Supreme Court to Hear Challenge of Obama’s EPA
The Supreme Court has agreed to hear a challenge to new clean air rules issued by the Environmental Protection Agency (EPA). The question at stake is whether the EPA has the authority to regulate greenhouse gases emitted from stationary sources (such as power plants). The various petitions the court has accepted for review have been consolidated into one petition, titled Utility Air Regulatory Group vs. Environmental Protection Agency.
The EPA has derived its regulatory authority from the Clean Air Act of 1970, as amended, which states in part, “Nothing … shall diminish the authority of the Administrator [of the EPA] … to establish for any air pollutant a national air quality standard …” The Act goes on to allow the EPA to regulate “… pollutants which present, or may present … adverse environmental effects.” At the time, the EPA declined to list carbon dioxide (CO2) as a regulated pollutant.
The EPA did not expand its list of hazardous air pollutants until 2007 when, in Massachusetts vs. Environmental Protection Agency, the Supreme Court ordered that the EPA must revisit its list of regulated pollutants, and that greenhouse gases (including CO2) should be included on that list.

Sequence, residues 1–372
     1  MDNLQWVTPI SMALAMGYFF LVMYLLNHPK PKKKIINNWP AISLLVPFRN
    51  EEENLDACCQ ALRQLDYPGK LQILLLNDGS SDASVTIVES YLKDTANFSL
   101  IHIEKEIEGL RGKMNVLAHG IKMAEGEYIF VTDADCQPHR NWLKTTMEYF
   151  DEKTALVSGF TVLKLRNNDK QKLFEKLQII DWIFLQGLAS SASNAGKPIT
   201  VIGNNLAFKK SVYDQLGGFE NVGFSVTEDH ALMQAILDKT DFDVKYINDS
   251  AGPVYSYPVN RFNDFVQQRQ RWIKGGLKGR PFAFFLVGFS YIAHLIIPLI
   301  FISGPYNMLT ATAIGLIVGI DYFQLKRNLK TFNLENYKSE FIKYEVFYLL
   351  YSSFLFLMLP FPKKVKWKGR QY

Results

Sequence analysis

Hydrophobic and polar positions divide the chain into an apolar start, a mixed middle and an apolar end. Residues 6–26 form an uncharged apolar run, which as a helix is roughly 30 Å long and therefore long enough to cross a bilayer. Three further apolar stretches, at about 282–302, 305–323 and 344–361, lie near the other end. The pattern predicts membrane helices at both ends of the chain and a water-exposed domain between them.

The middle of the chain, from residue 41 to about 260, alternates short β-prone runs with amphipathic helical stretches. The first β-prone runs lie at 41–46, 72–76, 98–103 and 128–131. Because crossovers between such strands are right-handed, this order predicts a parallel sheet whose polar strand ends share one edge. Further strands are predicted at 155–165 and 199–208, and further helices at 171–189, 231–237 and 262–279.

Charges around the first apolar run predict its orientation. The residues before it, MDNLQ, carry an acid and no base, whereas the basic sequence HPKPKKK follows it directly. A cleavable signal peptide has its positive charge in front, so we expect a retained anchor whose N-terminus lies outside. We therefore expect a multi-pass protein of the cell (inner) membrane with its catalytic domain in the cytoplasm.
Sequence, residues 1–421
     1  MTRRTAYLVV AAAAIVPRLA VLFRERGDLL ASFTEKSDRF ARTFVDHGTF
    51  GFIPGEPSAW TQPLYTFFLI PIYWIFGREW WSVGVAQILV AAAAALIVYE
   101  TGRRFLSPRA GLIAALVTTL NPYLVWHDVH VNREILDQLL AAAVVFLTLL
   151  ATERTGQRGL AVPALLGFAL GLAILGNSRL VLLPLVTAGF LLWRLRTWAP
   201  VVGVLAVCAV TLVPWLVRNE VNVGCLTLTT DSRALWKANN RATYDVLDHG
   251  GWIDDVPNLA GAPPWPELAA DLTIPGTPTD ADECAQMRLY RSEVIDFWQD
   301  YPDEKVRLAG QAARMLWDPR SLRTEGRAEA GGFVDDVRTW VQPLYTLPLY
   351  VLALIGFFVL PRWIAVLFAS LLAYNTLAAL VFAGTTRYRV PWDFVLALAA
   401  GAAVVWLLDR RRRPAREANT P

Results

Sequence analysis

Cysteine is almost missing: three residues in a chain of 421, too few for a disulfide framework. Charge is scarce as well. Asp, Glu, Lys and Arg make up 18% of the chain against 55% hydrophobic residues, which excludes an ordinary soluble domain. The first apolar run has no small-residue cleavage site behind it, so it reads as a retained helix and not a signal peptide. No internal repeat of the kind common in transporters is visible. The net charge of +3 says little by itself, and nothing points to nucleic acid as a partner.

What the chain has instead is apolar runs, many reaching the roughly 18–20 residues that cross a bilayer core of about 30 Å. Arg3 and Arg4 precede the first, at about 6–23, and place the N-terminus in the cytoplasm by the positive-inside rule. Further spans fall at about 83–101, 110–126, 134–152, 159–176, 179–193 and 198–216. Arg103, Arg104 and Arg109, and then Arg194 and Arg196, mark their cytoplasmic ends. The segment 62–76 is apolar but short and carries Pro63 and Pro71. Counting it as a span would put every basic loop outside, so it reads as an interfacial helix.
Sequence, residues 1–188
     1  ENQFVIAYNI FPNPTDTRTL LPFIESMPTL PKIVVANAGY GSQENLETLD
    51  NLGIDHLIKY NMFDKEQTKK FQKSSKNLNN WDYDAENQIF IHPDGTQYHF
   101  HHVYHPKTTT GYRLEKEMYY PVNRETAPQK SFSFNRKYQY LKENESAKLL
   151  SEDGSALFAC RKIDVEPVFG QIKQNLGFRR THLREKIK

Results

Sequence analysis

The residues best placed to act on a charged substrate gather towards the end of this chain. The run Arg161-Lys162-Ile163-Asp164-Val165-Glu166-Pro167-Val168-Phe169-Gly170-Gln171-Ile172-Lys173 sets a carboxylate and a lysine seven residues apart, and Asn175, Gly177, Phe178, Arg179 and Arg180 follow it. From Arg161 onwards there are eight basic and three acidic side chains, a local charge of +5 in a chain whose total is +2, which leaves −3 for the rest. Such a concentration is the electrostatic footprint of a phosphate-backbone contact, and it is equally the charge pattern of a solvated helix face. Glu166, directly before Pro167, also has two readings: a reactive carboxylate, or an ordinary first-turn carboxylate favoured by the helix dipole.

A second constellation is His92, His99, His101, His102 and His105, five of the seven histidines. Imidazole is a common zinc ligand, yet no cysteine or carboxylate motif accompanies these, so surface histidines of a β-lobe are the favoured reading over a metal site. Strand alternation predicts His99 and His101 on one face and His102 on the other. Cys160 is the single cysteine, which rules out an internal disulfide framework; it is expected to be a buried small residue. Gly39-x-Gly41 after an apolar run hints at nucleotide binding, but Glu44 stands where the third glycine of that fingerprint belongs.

In agreeing to hear the latest challenge, the Court refused to hear arguments on whether the EPA is empowered to regulate greenhouse gases. Rather, the main point of contention is the EPA’s decision that, if CO2 pollution from motor vehicles is subject to regulation; CO2 emissions from stationary sources are also subject to the same regulation.
Basically, the Court is deciding whether the criteria used to determine that emissions from vehicles are a “pollutant” can also determine that emissions from a building are a “pollutant.” The outcome will mainly pose an administrative directive for the EPA: will the agency need to create a set of criteria distinguishing between the sources of pollutants, or will all pollution sources be subject to the same criteria?
On the surface, this seems to be a ploy by dissenting industries to delay the implementation of new EPA regulations restricting greenhouse gas emissions. While the Supreme Court, in turning away multiple petitions, agrees that the EPA has the power to regulate such polluters, the only question here is the procedure by which that regulation takes place.
Four of the current justices dissented in Massachusetts vs. EPA, suggesting the possibility that they would be willing to break precedent and decide against the EPA retaining broad regulatory power. But accepting only this one challenge – as opposed to granting petitions regarding various other arguments – signals that such a break is unlikely. The case is scheduled to be argued in February, 2014.
- Demand Response
- Energy politics
- Energy Today
- Fossil Fuels
- Natural Power